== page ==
People Helping People: Relief for Immigrants

Immigrant Family Fund

Solidarity efforts across the country help immigrants barred from official government relief programs. Federal programs bar undocumented immigrants (and their U.S. citizen spouses and children) from COVID-19 relief benefits, even though these immigrants pay taxes. Some have lived, worked, and paid taxes in the United States for decades.

In Minnesota, the MN Immigrant Families COVID-19 Fund has raised nearly a quarter of a million dollars to support “immigrant families who don’t qualify for local, state or federal support,  and for those who, because of COVID-19, may be pushed even deeper into the shadows with little or few resources available to meet their immediate needs.” The fundraising is a collaborative effort with Asamblea de Derechos Civiles- St Cloud Chapter, Asian American Organizing Project (AAOP), Awood Center, Black Immigrant Collective (BIC), Centro de Trabajadores Unidos en Lucha (CTUL), ISAIAH, Navigate MN and National Asian Pacific American Women’s Forum (NAPAWF) St. Cloud chapter and Release MN8. Yes, you can still donate, and donations are tax-deductible.

The South Dakota Dream Coalition started a statewide fund to help immigrant households there.

In Maine, the focus is on farm workers:

“Mano en Mano, an organization based in Milbridge that provides education and advocacy for Maine agricultural and aquaculture workers, began raising money for the Estamos Aqui Mutual Aid Fund last month. To date, the group has raised more than $80,000, with more than half the funds coming from grants from Maine nonprofit foundations.

“As of Wednesday, Mano en Mano had distributed the funds directly to 363 out-of-work farm workers and their families, many of whom are migrant workers, for emergency assistance to meet needs such as food, rent and utilities during the coronavirus pandemic.”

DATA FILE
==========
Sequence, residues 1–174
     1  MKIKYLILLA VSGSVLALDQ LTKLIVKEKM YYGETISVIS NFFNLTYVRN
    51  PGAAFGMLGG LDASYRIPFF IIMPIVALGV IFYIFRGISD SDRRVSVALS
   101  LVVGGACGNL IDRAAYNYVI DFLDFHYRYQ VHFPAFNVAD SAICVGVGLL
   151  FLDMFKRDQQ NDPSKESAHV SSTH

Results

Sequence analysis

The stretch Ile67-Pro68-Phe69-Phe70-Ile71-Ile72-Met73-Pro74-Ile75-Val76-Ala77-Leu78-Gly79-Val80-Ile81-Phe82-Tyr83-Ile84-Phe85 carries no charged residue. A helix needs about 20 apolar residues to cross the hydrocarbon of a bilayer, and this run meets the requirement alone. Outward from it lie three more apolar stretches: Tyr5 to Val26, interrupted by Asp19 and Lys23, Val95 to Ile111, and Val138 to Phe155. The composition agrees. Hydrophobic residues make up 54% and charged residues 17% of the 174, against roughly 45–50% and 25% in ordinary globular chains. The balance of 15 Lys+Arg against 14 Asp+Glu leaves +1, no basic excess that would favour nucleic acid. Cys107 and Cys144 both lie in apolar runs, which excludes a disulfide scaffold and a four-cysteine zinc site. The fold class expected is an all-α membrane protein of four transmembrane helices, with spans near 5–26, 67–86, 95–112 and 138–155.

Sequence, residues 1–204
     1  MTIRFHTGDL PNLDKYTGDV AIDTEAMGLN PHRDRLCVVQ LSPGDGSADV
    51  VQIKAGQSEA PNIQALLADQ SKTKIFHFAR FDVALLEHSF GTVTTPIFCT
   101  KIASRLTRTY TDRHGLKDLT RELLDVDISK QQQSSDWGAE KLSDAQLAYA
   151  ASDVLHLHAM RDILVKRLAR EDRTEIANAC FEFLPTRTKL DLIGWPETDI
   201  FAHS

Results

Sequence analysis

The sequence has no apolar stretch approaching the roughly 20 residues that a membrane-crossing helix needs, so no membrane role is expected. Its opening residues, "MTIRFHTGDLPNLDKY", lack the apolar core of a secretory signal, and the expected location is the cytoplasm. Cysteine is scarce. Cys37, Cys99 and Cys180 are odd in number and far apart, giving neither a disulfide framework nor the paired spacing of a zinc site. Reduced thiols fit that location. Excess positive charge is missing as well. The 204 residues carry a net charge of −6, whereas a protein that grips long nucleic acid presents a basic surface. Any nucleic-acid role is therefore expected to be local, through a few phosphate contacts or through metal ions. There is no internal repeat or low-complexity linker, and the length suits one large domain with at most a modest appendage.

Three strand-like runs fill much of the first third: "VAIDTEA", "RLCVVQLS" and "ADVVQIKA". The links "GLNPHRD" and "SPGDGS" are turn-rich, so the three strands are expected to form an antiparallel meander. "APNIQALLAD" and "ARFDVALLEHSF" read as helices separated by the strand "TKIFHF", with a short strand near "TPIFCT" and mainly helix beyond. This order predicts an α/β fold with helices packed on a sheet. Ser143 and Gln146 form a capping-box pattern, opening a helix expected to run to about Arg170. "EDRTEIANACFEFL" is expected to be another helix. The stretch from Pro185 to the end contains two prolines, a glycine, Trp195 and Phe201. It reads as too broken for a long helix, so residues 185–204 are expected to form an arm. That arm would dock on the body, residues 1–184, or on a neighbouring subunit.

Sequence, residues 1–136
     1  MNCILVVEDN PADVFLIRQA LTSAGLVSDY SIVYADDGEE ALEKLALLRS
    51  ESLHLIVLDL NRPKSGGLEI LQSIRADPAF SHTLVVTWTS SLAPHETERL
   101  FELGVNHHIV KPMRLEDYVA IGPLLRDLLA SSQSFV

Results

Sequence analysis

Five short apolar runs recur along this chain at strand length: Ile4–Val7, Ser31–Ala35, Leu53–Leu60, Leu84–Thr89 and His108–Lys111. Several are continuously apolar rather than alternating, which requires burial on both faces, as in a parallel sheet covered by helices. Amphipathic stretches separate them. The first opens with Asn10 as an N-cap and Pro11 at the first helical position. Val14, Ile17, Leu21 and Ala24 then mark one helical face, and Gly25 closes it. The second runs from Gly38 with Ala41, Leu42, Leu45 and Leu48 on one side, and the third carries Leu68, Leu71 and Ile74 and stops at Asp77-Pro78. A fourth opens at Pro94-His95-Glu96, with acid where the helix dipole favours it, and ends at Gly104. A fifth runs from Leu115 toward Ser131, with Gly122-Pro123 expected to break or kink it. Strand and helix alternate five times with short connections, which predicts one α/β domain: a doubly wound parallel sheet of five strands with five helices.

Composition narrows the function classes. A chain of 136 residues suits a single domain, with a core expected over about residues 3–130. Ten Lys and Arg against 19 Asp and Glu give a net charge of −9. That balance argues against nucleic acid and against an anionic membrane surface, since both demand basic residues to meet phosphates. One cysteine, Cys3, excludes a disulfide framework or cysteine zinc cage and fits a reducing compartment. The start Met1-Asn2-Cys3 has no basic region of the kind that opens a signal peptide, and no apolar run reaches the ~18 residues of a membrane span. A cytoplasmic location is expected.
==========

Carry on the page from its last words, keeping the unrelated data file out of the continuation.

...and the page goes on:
California is offering state assistance through its own stimulus fund program, beginning on Monday, May 18. This is the first state government program to offer help.

As the pandemic continues, these efforts and others like them embody the spirit ofPresident Barack Obama’s commencement address:

“And finally, build a community. No one does big things by themselves. Right now, when people are scared, it’s easy to be cynical and say let me just look out for myself, or my family, or people who look or think or pray like me. But if we’re going to get through these difficult times; if we’re going to create a world where everybody has the opportunity to find a job, and afford college; if we’re going to save the environment and defeat future pandemics, then we’re going to have to do it together. So be alive to one another’s struggles. Stand up for one another’s rights. Leave behind all the old ways of thinking that divide us — sexism, racial prejudice, status, greed — and set the world on a different path.”

About Mary Turck

News Day, written by Mary Turck, analyzes, summarizes, links to, and comments on reports from news media around the world, with particular attention to immigration, education, and journalism. Fragments, also written by Mary Turck, has fiction, poetry and some creative non-fiction. Mary Turck edited TC Daily Planet,, from 2007-2014, and edited the award-winning Connection to the Americas and AMERICAS.ORG, in its pre-2008 version. She is also a recovering attorney and the author of many books for young people (and a few for adults), mostly focusing on historical and social issues.
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